Binsey Poplars

Gerard Manley Hopkins

Poplars near Binsey, Oxfordshire. Not the actual poplars that Hopkins wrote about in his poem. Port Meadow is just beside Binsey. The Thames divide them. So it seems that these poplars where very very close, but is not the actual ones. After-comers cannot guess the beauty been...

The Jesuit priest/poet Gerard Manley Hopkins is remembered for his exquisite use of language and the depth of his poetic regard. Binsey Poplars was written in 1879 in response to his shocking discovery that a favourite stand of aspen trees which he had long enjoyed during his days at Oxford had fallen to the axe. At another level, the poem is a lament for the destruction of the natural world without thought for the beauties that it holds and without regard for the blighting of the landscape itself and of our minds when we behold such devastation. Hopkins is acutely aware of the irreversibility of such assaults upon the natural world, and laments the loss to future generations of the mystic entrancement evoked by scenes of natural beauty. Though written over 130 years ago, Binsey Poplars is presciently anthemic of the present day Green movement and of environmentalism more generally. The music that accompanies this piece was written and performed (multi-track) by Nico Di Stefano. A CD quality mp3 audio file is available for download here.


Binsey Poplars
Felled 1879
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My aspens dear, whose airy cages quelled,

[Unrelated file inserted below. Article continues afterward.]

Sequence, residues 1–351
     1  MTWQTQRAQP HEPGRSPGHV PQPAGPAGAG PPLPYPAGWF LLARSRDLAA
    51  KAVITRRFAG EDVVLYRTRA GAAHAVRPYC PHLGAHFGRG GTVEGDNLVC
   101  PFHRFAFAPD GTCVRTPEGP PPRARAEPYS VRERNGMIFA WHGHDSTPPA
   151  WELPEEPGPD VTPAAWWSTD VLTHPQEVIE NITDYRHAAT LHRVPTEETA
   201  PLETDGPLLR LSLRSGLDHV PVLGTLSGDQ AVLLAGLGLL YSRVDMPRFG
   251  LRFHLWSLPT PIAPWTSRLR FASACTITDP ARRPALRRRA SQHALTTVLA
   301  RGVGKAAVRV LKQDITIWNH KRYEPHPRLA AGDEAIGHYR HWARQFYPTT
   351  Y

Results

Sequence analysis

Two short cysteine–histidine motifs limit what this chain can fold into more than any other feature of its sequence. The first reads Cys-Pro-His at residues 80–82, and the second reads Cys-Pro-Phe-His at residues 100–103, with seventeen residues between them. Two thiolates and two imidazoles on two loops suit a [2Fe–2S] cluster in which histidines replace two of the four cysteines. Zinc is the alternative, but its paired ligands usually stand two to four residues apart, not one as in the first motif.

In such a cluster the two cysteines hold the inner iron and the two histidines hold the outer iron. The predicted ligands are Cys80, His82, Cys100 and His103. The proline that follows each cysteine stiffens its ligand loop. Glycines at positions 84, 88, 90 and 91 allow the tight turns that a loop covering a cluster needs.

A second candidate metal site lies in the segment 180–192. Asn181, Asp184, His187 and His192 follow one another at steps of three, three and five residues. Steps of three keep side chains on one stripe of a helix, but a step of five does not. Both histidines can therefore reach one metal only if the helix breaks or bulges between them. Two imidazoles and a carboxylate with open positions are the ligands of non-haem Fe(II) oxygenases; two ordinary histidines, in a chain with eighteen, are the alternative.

Quelled or quenched in leaves the leaping sun,
All felled, felled, all are felled;
Of a fresh and following folded rank
Not spared, not one
That dandled a sandalled
Shadow that swam or sank
On meadow and river and wind-wandering
weed-winding bank.

O if we knew but what we do
When we delve or hew —
Hack and rack the growing green!
Since country is so tender
To touch her, being so slender,
That, like this sleek and seeing ball
But a prick will make no eye at all,
Where we, even when we mean
to mend her we end her,
When we hew or delve:
After-comers cannot guess the beauty been.
Ten or twelve, only ten or twelve
Strokes of havoc unselve
The sweet especial scene,
Rural scene, a rural scene,
Sweet especial rural scene.

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In order to better understand Manley Hopkins' sigh of grief, it is helpful to remember that Binsey was originally called Thorney, from a profusion of thorns around it; and it afterwards took the name of Binsey, signifying the Island of Prayer, from its being a retreat of nuns and a great resort of pilgrims (ref). To a man whose sensitive mind was steeped in the Christian faith, thorns as such would possess the subtle power of reminding him of the suffering of Christ, the Redeemer. The priest and poet Manley Hopkins must have felt this.

It is also helpful to remember the fact that the ‘true’ black poplar is one of the rarest trees in Britain. One of her most fascinating native trees, the black poplar has a deep historical connection with the English landscape. But with an ageing population of sparsely distributed trees, there are now very few truly wild black poplars left in the country (ref). - So that with the poplars gone, something quintessentially English would have been lost too. Manley Hopkins understood all this and despaired...(Ed.)

Submission/Introduction: Vincent Di Stefano, Dante's Ghost. Photo: Binsey Poplars from Port Meadow, January by Elizabeth Moriarty (flickr). Caption: Catholic Ponderer.

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